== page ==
In today’s online world, many companies are increasingly using customer data to help personalize and improve the products and services they offer consumers.
All of us are familiar with Facebook serving ads to its users based on common interests they have explicitly or implicitly documented on Facebook. And we know that Google collects information and uses that to provide us with information and ads.
In our own industry, Verizon uses anonymous and aggregate customer data to create marketing reports that help other companies better serve their customers.
At AT&T, we similarly plan to provide our customers with these sorts of personalized services and we’re committed to doing so in line with our longstanding policy to respect and protect our customers’ privacy.
The new policy does a couple of things. First, we have tried to make it easier for our customers to understand the data we collect, how we use it, and how we protect it. Second, we have structured our policy in a manner that provides very straightforward consumer controls over the data we obtain from you or through your use of our services, websites and applications. Many of these changes are derived from customer research in which we asked customers how they want to hear about these topics.
We like to think about data and use of data in three large contexts:
Providing You Service and Improving Our Network and Services: We use network data to provide our voice, Internet and video services and to fix any issues that cause service problems. What do I mean? The network locates your mobile device to complete a call or to deliver the location-based services you want. We also check how our network is performing for you at various locations so we can improve those spots that need it. We use this type of information to make our products and services better, and as a guide to let you know about new AT&T products and services that you might like.
Personal Information: We know our customers care about privacy just as we do. So, we also worked to provide greater transparency and customer controls over how your data is used. We don’t sell your personal information, and we won’t use it (other than to provide and improve your services as discussed above) unless you tell us you want us to do that. For example, we offer an application called AT&T Alerts. It provides you great discounts on AT&T and AT&T partner products and services. It might send you a coupon if you happen to be near one of our partner retailers. But you have to sign up for AT&T Alerts to get the service. In other words, we use your personal information for this program only if you tell us in advance that you want us to do that.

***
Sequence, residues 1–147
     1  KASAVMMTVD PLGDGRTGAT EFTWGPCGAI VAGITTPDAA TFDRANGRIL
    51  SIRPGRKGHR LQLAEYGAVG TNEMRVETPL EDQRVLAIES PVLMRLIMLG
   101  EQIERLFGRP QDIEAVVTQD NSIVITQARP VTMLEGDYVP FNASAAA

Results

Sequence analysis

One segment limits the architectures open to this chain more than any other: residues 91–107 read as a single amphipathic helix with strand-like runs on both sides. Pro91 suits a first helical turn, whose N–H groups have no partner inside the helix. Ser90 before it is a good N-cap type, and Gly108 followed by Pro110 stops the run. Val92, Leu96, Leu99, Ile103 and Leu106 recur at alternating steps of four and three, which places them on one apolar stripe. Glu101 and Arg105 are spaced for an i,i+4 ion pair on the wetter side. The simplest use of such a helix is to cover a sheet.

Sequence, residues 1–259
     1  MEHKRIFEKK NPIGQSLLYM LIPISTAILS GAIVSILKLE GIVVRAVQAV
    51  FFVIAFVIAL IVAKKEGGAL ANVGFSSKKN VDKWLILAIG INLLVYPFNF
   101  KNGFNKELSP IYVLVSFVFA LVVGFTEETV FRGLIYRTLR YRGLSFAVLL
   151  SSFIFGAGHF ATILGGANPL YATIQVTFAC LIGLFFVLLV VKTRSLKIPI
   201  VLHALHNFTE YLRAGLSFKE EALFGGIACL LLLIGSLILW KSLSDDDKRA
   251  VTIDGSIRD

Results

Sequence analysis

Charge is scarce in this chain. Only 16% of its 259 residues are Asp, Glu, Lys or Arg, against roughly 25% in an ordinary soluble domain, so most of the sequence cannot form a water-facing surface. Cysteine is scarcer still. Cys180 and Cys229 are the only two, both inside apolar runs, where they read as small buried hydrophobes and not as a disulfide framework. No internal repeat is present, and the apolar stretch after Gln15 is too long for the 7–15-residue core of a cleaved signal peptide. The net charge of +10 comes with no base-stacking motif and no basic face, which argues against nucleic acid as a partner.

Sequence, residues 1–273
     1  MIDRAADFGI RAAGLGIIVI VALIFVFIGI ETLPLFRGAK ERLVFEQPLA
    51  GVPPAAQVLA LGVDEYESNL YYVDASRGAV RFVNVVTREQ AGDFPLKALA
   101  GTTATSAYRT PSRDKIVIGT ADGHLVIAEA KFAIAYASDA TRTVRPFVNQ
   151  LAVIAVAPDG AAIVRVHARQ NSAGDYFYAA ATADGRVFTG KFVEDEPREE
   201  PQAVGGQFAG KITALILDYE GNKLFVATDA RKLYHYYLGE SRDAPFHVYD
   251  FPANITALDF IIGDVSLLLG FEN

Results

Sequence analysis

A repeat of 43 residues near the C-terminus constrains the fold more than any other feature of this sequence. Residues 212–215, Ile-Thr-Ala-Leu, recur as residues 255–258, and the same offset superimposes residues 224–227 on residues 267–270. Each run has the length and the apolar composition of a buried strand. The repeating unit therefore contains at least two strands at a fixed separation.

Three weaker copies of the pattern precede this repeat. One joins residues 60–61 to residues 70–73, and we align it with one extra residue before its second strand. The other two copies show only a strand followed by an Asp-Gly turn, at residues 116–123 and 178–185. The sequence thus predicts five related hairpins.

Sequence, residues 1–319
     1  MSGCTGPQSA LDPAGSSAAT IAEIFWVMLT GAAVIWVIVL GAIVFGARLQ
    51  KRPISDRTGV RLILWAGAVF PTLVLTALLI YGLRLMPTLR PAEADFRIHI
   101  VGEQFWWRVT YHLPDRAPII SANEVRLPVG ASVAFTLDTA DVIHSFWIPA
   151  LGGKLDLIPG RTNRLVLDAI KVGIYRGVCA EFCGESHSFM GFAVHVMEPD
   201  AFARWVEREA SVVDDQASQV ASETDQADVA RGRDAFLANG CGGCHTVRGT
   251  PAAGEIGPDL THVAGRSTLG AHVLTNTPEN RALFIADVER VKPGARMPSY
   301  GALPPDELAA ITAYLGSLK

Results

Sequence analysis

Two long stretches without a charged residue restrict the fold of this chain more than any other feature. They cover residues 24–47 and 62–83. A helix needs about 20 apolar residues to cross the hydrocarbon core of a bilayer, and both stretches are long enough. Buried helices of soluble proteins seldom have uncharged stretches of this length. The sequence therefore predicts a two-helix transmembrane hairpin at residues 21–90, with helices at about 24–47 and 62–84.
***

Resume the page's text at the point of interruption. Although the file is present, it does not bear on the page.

Aggregate and Anonymous Data: This is data that can’t be tracked back to you individually. Here’s an easy example: After an election in your community, officials will release the final vote tally. They might say that 60 percent of the voters picked Candidate A and 40 percent picked Candidate B. That information is a type of aggregate and anonymous data. It’s “aggregate” because it combines information for the whole community telling you who the community as a whole voted for, and it is anonymous because the data doesn’t tell you who voted for which candidate. In the Internet world, aggregate and anonymous data can be used by retailers, advertisers and marketing companies to figure out what consumers want in a particular area. You benefit by having better products available and seeing advertising more relevant to your particular consumer segment.
The new programs we are introducing will use aggregate and anonymous data to create marketing and analytics reports, and to allow us to deliver more relevant advertising to our customers. In creating these programs, we wanted to make sure they fit with our privacy commitments. That’s why we also created consumer controls that will allow you to choose not to have your anonymous information included in these reports, and to choose not to receive the more relevant advertising if you don’t want it. To be clear, you will still receive the same number of ads, they just won’t be as relevant. Of critical importance to our customers is the fact that these programs are based on strictly anonymous information, and they are designed for insight into groups, not individuals.